Iddingsit (also Oroseit ), named in honor of Joseph Paxson Iddings, is a pseudomorphic transformation product of the mineral olivine. Iddingsit is not an independent mineral, but a submicroscopic mineral mixture of clay minerals ( chlorite, smectite ), iron oxides ( goethite, hematite) and Ferrihydriden. It arises in the intermediate to high hydrothermal range (< 400 ° C) in the weathering of basalts and may well be regarded as Phänokristall so far can be seen visible crystals, which are porphyritic embedded in a fine-grained matrix. The composition of Iddingsit is subject to constant change; starting from the original olivine, it goes through several stages of structural and chemical transformations. Because of this continuous transformation process can Iddingsit neither a definite structure or a unique chemical formula can be assigned. An approximate formula is Fe2O3 MgO * SiO2 * 3 * 4 H2O which can also occur CaO for MgO. On Earth, the presence of Iddingsit on volcanics and Subvulkanite is limited (formed by near-surface Magmeninjektion ), in deep igneous and metamorphic rocks does not occur Iddingsit. Iddingsit may be extraterrestrial in origin and is found in meteorites. For modern science Iddingsit has great importance, since it was discovered in Martian meteorites; can radiometric dating thus the time to be determined, was present at the liquid water on the surface of Mars.


Iddingsit is pseudomorphic after olivine. This means that changes during the conversion process of olivine crystals, which is also referred to as Iddingsitisierung, the internal structure or the chemical composition, the outer shape is preserved, however. But there are also phases in which the atomic arrangement is only distorted and does not set a new final structure. The composition of Iddingsit subject, starting from the original olivine crystal, ongoing modifications, and goes through many stages of structural and chemical changes ( Gay, Le Maitre, 1961). Because of its occurrence in meteorites Iddingsit has recently again become a subject of research. The following figure is an example of rust on Mars and consists of Iddingsit, itself a mixture of clay minerals and oxides ( ). To form Iddingsit liquid water is needed - a fact which has recently displaced scientists in the position to make a date for the presence of liquid water on Mars ( Swindle, TD et al, 2000). So were radiometric dating by the potassium - argon method of age range of 1300 to 650 million years BP for the presence of liquid water on Mars ( Swindle, TD et al, 2000).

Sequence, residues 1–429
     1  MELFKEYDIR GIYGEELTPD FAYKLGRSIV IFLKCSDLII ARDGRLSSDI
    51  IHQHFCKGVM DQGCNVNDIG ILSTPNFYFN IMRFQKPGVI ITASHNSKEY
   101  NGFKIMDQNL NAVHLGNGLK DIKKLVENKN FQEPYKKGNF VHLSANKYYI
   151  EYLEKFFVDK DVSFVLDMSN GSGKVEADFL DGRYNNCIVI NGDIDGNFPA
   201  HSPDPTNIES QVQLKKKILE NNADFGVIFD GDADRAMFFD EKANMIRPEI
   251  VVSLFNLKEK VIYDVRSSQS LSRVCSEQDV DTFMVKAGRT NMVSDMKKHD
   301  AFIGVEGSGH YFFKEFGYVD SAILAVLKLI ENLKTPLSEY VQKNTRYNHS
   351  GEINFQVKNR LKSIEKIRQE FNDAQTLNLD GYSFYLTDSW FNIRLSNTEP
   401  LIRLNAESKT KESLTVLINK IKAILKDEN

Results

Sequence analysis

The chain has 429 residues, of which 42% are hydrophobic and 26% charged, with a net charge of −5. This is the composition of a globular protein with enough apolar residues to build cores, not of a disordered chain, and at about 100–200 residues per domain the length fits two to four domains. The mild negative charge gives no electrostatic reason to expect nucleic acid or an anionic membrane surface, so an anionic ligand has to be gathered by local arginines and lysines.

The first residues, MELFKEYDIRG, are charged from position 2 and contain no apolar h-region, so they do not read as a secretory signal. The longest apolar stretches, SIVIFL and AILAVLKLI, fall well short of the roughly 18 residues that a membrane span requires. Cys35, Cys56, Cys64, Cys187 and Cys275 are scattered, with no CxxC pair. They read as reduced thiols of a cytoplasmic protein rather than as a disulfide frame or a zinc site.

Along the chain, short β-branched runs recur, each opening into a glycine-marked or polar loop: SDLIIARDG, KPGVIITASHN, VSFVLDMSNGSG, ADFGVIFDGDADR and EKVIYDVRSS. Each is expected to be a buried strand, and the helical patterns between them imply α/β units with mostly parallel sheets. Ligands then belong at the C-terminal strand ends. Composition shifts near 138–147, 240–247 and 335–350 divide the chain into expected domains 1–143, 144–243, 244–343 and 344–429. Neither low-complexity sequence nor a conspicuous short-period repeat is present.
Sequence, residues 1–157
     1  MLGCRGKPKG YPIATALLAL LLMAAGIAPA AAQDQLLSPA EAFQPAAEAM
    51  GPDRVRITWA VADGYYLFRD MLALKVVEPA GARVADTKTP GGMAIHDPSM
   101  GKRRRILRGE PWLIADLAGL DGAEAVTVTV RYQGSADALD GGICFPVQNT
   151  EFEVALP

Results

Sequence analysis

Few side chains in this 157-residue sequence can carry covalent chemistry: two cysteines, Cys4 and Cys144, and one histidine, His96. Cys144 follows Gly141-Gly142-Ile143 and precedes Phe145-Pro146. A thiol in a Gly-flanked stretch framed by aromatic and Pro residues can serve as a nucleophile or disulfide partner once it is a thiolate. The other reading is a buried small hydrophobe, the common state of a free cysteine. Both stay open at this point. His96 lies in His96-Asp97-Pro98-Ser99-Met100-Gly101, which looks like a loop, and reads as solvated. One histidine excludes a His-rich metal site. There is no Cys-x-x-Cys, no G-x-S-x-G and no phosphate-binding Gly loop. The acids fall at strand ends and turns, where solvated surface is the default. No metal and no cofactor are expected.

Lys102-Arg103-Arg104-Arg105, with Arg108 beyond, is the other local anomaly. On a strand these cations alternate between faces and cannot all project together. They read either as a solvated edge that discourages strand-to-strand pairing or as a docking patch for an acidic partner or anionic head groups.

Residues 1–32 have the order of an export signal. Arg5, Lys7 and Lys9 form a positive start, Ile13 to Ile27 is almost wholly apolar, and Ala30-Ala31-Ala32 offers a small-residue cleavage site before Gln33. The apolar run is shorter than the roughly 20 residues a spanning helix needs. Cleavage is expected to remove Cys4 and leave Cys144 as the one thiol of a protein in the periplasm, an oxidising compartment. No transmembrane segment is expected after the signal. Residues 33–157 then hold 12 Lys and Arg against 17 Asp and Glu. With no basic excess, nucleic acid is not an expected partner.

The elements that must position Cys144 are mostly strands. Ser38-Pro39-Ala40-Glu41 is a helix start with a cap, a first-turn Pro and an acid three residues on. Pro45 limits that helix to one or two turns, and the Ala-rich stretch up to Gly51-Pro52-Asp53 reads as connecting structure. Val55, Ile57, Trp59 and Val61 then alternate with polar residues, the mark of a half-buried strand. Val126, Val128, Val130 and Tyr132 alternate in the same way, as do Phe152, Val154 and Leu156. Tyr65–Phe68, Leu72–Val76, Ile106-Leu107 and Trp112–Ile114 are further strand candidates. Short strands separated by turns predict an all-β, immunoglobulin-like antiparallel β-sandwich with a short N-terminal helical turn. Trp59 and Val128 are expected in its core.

Iddingsit has no definite chemical composition, it may, therefore, no precise calculations are performed. For a hypothetical end product from Iddingsit following approximate composition was calculated: SiO2 = 16 %, Al2O3 = 8%, Fe2O3 = 62 % and H20 = 14 %. During the conversion process takes place starting from the ideal composition of olivine (MgO = 42.06 %, FeO = 18.75% and SiO2 = 39.19 %) is generally a loss of SiO2, FeO and MgO instead, whereas the content of Al2O3 and H2O steadily increases. Chemically carried out by oxidation of Fe2 and supply of water, an increase in Fe2O3 content with concomitant loss of MgO ( Gay, Le Maitre, 1961). The chemical formula for Iddingsit can be approximated with MgO * Fe2O3 SiO2 * 3 * 4 H2O reproduced, Ca can occur for Mg in a ratio of 1:4 ( Ross, Shannon 1925). With increasing conversion process also trace amounts of Na2O and K2O may be added join ( Gay, Le Maitre, 1961).

Geological occurrence

The geological occurrence of Iddingsit limited to extrusive volcanic rocks or Subvulkanite, in deep igneous and metamorphic rocks, it does not exist. It is produced during the last cooling phase of lavas as a reaction product of olivine with gases and water ( Ross, Shannon 195). Forming Iddingsit is not depending on the original composition of the particular olivine, but it is influenced by the oxidation state and the water content. Prerequisite to the development of water-rich magmas are Iddingsit ( Edwards 1938). The conversion of olivine to Iddingsit effected under strongly oxidising conditions at low pressure and moderate temperatures (< 400 ° C).


Because of the variety of possible conversion phases of olivine, the structure of Iddingsit can only be characterized very difficult. Iddingsit tends to behave optically homogeneous. This fact suggests an underlying structure. It has been found that the structural transformations of sequences hrxagonal close-packed oxygen layers are controlled. These oxygen layers are perpendicular to the X axis, and are thus oriented in parallel to the Z- axis of the unit cell olivine. Undoubtedly, these oxygen ion layers practicing within the olivine from a strong control over the structural design of the transformation products.

X-ray diffraction studies on Iddingsit revealed five structural types that can occur during the conversion process ( Gay, Le Maitre, 1961):

  • Olivine -like structures
  • Goethite -like structures
  • Hämatitstrukturen
  • Spinel and
  • Silicate structures

Olivine has orthorhombic symmetry and crystallizes in the space group Pbnm (Brown, 1959). Olivine -like structures caused by penetration of foreign ions in the olivine structure during the onset of the conversion process ( Gay, Le Maitre, 1961). Your unit cells have the dimensions a = 4.8, b = 10.3 and c = 6.0 ( in Angstroms ), also belong to the space group Pbnm and have a d- value of 2.779 (angstrom ). The olivine crystal is prepared as follows: a is parallel to the crystallographic X - axis b is parallel to the Y axis and c is parallel to the Z axis (Brown, 1959). X-ray diffraction pattern of Iddingsit vary from real Olivinmustern to extremely diffuse speckle patterns. This in turn close to a deformation of olivine, which was caused by the incorporation of foreign atoms ( Gay, Le Maitre, 1961).